Sunday, March 25, 2012

Chaos and complexity

Fractal by Rao Anirudh. CC BY-NC-SA 2.0
In the bustling days of the average Joe or Jane as they shuttle between home and the workplace, there is often very little time to daydream or ponder about the wonder of the world around. In between shuffling reports, relegating orders to peons and receiving an earful from the superior who commands your respect but doesn't quite deserve it, one scarfs down a meal from the canteen, thinks about what's featuring on the idiot box at 9 pm and also about the long uncomfortable train journey home with all the sounds and smells. Indeed, in the already complicated lives of the average person, one has no time to figure just how complicated and mysterious the Universe and the fabric of Nature is.
True, the consequence of such elegance and mystery will humble and inspire some of us and for others it may be a crass rephrasing of the question, "So what's it to me?". I have yet to find such an individual who hasn't atleast shown some awe when confronted with the fact that the Universe is expanding rapidly and in billions of years the human race (or the highly evolved new human species); if it doesn't wipe itself out by strife and war, will be alone in the supercluster. As Hubble rightly proved, the galaxies would have moved away so far, even the speed of light (the upper limit of velocity) will be humbled by the distances and the galaxies would be out of sight. The Cosmic Background Radiation, currently hovering a few Kelvin above absolute zero, would drop even more so. Were it not for painstaking preservation of texts and photographic material in the file formats of the future, the members of that advanced civilization would have lost the means to the cognizance of the Big Bang itself. We will return to a pre-Copernican era where we will be under the impression that we are at the center of a static, unchanging Universe and there will be no testable hypothesis based on observation to prove it.
With the exception of the Moon missions and the unmanned Voyager crafts, the human race has not not even made the baby steps of space exploration that is made to appear so banal and yawn-inducing in the mounds of published science fiction. Even then we have peered into the outer reaches of your Universe, as far as our technology would take us; the near infinite number of galaxies, each with its own stars and planetary systems and its little green men and bug-eyed aliens; we have made startling discoveries that empty space has energy in it; that particles and anti-particles emerge and destroy themselves within a time scale so infinitesimally small; chaos interspersed in order and order interspersed in chaos- all without ever leaving our little globe of blue and green.
Everytime you think that there is nothing left to excite you, think again. Every instant is a good opportunity to remind ourselves that for the few hundred thousand years since our evolution, we have achieved greatness, yet held out short by Nature. We have everything to see and no time to see it. We are but a small speck in the smallest subsets of a Mandelbrot fractal that is our universe. It is haunting, humbling and inspiring all at once.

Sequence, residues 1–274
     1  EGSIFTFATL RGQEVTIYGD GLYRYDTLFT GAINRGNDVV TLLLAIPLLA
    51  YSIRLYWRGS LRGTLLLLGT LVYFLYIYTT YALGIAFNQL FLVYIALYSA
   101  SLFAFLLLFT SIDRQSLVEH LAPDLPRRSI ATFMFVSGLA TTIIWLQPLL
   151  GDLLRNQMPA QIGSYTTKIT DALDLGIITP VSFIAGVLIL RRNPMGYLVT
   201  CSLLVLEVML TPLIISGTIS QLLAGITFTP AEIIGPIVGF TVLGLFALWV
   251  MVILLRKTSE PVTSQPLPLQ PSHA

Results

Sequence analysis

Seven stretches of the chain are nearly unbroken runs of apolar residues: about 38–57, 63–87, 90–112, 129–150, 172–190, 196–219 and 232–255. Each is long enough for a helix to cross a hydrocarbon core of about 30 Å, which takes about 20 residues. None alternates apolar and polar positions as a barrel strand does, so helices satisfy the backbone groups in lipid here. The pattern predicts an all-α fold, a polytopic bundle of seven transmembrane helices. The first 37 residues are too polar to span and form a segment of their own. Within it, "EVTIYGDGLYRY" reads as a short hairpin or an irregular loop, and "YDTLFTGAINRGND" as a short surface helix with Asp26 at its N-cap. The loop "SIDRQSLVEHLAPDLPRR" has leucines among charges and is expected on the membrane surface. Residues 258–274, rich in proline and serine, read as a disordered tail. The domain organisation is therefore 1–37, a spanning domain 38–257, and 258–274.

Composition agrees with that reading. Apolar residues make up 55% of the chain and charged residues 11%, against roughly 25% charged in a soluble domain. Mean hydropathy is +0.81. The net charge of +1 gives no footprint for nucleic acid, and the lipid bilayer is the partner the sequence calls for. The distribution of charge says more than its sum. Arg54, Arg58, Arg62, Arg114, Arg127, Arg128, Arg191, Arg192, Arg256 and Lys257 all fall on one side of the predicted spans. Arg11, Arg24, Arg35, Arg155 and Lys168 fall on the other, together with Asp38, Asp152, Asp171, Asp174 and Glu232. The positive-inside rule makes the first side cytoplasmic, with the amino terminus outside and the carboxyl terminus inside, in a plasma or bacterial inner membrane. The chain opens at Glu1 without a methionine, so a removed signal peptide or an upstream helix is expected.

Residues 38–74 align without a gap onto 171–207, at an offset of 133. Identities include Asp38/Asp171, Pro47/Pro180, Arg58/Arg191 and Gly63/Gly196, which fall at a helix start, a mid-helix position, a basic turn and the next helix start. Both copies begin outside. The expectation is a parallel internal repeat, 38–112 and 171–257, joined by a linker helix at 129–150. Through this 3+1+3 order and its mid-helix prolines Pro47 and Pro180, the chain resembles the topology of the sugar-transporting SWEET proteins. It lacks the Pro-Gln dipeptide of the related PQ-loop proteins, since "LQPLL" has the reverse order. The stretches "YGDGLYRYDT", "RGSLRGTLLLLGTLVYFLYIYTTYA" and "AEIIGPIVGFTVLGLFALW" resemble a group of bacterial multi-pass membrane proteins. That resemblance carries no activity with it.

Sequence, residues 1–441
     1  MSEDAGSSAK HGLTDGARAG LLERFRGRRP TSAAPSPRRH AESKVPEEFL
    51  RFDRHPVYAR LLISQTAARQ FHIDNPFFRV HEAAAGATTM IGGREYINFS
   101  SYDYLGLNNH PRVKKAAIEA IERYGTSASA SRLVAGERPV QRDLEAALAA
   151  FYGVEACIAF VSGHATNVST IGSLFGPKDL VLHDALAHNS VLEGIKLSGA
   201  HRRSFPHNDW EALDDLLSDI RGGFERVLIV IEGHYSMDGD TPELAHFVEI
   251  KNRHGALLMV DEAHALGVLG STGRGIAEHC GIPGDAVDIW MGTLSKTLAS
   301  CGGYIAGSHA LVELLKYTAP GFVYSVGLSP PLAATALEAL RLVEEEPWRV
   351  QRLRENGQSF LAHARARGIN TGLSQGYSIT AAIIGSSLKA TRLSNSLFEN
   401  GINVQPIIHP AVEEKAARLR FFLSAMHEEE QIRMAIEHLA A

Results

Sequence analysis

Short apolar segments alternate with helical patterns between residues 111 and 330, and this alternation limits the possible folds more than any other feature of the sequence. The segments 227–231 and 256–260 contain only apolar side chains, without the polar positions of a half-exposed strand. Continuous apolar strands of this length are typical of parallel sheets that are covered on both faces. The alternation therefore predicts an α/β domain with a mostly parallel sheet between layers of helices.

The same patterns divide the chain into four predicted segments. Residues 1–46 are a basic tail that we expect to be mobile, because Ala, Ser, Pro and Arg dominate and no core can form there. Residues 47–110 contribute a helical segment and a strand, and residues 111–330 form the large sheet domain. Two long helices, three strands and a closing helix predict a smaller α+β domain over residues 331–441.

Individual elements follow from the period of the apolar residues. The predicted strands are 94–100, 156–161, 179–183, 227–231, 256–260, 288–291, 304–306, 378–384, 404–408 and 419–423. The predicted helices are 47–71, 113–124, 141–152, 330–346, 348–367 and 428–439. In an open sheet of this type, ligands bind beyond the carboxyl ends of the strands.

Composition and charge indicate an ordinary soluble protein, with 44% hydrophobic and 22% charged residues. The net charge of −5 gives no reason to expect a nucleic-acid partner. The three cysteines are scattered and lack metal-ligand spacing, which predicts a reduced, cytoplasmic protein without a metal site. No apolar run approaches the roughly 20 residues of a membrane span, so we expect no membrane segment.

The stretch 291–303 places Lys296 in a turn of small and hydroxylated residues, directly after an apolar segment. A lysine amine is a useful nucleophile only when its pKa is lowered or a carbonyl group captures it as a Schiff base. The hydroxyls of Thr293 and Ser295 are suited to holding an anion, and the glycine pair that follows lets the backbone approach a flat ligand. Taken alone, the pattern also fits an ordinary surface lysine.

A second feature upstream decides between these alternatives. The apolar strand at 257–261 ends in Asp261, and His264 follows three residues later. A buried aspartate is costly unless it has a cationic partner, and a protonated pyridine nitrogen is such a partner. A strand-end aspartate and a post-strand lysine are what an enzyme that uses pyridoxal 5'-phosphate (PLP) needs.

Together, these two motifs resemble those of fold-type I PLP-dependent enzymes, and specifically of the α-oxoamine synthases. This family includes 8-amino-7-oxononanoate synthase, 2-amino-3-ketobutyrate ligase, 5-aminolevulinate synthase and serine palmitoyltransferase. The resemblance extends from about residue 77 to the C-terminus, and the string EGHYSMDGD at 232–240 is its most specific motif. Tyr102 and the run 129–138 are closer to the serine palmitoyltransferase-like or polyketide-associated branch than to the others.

Just something to think about at the water cooler on your coffee break. 


Dee... said...

What are you ?
Never read Such an intense article in my recent times.
After reading the word CHAOS, i had a thought "It's gonna be a bluff on physics...

i can see a quality in your post..
i have been to this blog few times, you write so good and you write something which i cant....
of all your lines i loved this

" We have everything to see and no time to see it. "
i can completely relate it to your blog.
i will not comment in paragraphs.
few exception are there like your blog.
kudos to your complex stuff

prateek mathur said...

This is vintage Nikhil man...awesome's very fast paced and goes along like the speed of light! :)
I prefer this over book reviews and japanese comic strip stuff :)...something about u and space coming together...ur piece salesman is still stuck in my head :)

One sincere advice, change the color scheme or the text size or both in your's harder to read and becomes a tad monotonous.

Vyaas said...

Good post.
|We will return to a pre-Copernican era where we will be under the impression that we are at the center of a static, unchanging Universe and there will be no testable hypothesis based on observation to prove it.

I feel the "pre-copernican" era gets the dead horse treatment these days. Revolutionary ideas have always met with opposition from religious or simply self-preservative mad men.

Besides, there were civilizations that had figured out celestial motion centuries before Copernicus wrote "De revolutionibus orbium coelestium". Aryabhatta for example deduced the correct positions of the Earth and Sun by observing eclipses. And lets not get started on Egyptian and Persian contributions. Most of these texts and many more exist are well preserved and re-documented. Yes, the west has contributed tremendously to science and philosophy,but it would be imprudent to pin the tail of worldly realization on Copernicus' revelation. A good half of the world had no problems with the idea of heliocentry and were doing just fine.

IMO Copernicus' true contribution lies in sending shock waves of self doubt through academic circles /ellipses across Europe. The Sun being at the center was simply an artifact in a historic cleansing that set the stage for super-human intellects like Newton, Boltzmann, Maxwell, etc. to shine.